But elsewhere, the feel is much more realistic, with some fairly grim and gruesome violence, not least Michael Shannon’s severed, reattached and rotting fingers, and it’s when these two approaches collide that the film is on thin ice. For much of its running time, the sheer conviction of the players – Shannon, Michael Stuhlbarg, Richard Jenkins, Octavia Spencer and fabulously expressive and winning Sally Hawkins – carries it through. But all it takes is for the audience to think – even for a second – hang on, this is all a bit silly isn’t it? And suddenly the whole enterprise collapses. And it’s hard not to think that when Hawkins is blissfully filling her entire bathroom with water from an overflowing bath in order to engage in sub-aqua nookie with a fish man. Dear god!

Looking back on the nine nominees, then, it strikes me that while there are no outright disasters – nothing nominated this year is anything like as bad as The Imitation Game, Hacksaw Ridge or Extremely Loud and Incredibly Close – most of the nominees have been bettered by their own directors. Here, The Shape of Water is good, but not as good as Pan’s Labyrinth. Christopher Nolan’s Dunkirk is good, but not as good as the same director’s Memento (or even The Dark Knight). Phantom Thread is good, but not as good as Magnolia. Three Billboards is good, but not as good as In Bruges. The Post is good but – take your pick! Call Me My Your Name may be better than I am Love, but I haven’t seen it.

Passing over Darkest Hour, which really isn’t all that good, that just leaves Lady Bird and Get Out: two films from first-time directors which really stand out as being true statements of intent from fascinating artists to look out for in the years to come. And although I thoroughly enjoyed Lady Bird, it can’t match the breadth, depth, complexity and ambition of Get Out, which – I’m slightly surprised to report – turns out to be my favourite of this year’s nominees.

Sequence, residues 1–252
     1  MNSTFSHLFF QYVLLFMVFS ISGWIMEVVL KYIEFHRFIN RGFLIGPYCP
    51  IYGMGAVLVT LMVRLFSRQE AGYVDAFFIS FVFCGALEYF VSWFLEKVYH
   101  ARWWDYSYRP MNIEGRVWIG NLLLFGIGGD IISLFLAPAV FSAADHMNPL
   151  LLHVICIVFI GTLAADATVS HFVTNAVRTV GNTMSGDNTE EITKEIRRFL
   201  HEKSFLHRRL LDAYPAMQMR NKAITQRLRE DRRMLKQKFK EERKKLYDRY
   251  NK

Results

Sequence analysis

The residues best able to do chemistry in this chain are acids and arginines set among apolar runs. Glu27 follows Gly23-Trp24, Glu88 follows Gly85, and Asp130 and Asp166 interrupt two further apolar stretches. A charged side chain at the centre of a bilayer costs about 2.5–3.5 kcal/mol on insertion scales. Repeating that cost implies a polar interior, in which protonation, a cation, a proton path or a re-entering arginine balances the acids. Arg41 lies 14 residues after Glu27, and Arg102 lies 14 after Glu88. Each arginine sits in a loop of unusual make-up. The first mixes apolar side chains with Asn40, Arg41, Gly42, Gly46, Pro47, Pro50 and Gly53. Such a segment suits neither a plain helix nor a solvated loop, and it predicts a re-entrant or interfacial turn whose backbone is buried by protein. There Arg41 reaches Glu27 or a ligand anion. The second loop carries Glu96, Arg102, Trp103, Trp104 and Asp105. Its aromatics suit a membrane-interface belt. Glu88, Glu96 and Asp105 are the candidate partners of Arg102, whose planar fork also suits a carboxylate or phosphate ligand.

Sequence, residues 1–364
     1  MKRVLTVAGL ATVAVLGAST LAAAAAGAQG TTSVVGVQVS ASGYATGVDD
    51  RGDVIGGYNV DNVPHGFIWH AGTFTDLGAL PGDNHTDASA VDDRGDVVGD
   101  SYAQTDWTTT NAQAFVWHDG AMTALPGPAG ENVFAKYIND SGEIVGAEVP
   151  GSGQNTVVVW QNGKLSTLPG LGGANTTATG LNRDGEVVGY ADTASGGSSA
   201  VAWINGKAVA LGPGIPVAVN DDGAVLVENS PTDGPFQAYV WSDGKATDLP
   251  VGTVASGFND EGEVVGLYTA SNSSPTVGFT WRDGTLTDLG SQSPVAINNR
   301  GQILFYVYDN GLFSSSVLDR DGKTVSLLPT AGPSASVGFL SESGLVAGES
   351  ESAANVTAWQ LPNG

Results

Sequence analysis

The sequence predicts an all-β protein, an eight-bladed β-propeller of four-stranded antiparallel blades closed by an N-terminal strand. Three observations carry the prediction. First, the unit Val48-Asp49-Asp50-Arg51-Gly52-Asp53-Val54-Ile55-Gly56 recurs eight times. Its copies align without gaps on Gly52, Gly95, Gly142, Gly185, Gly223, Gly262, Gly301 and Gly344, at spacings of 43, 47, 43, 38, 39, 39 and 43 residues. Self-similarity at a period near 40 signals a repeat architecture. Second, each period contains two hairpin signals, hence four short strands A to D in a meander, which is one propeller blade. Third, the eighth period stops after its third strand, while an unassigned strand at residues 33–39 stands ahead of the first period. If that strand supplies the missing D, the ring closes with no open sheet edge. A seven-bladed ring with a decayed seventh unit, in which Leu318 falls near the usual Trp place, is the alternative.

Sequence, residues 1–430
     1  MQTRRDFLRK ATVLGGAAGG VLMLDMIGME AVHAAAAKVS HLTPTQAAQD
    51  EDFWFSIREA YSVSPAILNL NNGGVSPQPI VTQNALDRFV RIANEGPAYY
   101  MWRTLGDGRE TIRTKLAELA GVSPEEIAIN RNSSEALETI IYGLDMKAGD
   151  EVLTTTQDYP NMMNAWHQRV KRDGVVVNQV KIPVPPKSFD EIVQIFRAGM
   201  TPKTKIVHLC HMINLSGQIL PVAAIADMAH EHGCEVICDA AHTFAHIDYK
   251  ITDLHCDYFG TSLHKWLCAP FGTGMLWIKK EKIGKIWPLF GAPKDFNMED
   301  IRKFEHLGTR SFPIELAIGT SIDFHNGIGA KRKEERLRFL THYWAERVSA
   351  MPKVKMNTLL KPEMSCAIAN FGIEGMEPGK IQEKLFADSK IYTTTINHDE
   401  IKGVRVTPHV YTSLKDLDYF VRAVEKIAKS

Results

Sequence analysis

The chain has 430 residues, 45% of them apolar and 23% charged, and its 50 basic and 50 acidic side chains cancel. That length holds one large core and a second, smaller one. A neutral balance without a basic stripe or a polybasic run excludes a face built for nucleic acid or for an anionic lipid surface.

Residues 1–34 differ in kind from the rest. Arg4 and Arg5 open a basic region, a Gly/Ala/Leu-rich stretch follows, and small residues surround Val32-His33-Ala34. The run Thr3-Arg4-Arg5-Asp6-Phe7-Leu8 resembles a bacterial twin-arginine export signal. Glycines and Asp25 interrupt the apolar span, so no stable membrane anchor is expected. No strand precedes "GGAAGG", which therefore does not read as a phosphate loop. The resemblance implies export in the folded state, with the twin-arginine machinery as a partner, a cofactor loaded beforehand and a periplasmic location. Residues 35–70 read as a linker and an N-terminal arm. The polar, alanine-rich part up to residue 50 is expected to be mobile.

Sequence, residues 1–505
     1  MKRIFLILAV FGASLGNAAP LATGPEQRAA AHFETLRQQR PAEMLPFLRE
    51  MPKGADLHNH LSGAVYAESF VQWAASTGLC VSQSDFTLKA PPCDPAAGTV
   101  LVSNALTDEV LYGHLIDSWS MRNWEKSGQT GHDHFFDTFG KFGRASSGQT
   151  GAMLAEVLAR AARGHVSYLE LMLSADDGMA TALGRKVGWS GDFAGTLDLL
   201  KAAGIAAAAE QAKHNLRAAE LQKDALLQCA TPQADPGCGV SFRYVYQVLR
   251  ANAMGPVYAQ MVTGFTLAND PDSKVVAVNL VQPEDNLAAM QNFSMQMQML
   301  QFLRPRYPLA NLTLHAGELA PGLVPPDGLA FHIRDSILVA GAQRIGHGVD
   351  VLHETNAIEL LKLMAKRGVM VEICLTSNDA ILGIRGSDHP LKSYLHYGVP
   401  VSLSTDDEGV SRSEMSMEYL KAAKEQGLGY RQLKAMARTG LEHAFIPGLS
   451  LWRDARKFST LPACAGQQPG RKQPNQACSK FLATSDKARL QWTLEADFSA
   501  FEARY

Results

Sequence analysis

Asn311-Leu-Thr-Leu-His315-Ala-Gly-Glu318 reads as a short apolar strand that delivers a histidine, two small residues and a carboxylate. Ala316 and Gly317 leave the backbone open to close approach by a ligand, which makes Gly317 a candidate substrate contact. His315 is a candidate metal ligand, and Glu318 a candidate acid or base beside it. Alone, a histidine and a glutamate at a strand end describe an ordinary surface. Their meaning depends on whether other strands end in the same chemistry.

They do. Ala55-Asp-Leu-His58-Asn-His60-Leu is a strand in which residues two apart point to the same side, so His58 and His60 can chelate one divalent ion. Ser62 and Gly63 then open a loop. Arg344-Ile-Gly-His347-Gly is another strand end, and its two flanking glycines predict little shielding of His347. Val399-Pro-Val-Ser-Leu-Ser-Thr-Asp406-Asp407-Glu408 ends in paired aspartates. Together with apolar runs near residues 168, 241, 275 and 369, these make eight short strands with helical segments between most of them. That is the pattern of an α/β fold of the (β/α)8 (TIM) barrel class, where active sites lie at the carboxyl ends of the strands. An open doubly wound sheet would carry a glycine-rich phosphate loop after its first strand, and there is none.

On to predictions, briefly. I suspect another split year, with Three Billboards gaining enough momentum to overtake The Shape of Water (which is also dogged by accusations of plagiarism) for Best Picture, but I can’t see anyone other than del Toro winning Best Director. Best Actor and Best Actress are foregone conclusions (Oldman and McDormand) as is Best Supporting Actress (Allison Janney). Best Supporting Actor is a little more open but Sam Rockwell should probably have a speech ready.

Screenplay is much harder to call. Really, any of the five nominated films could take Best Original Screenplay, with Three Billboards probably having a slight edge, but I’d love Jordan Peele to take it. Best Adapted Screenplay won’t go to The Disaster Artist or Logan, but the other three all have a shot. I suspect the Academy’s tastes lean more towards Molly’s Game than Call Me By Your Name, but I’m by no means sure.

Join me back here this time next week and we’ll all know for certain.

Oscars 2018 - The Post and Phantom Thread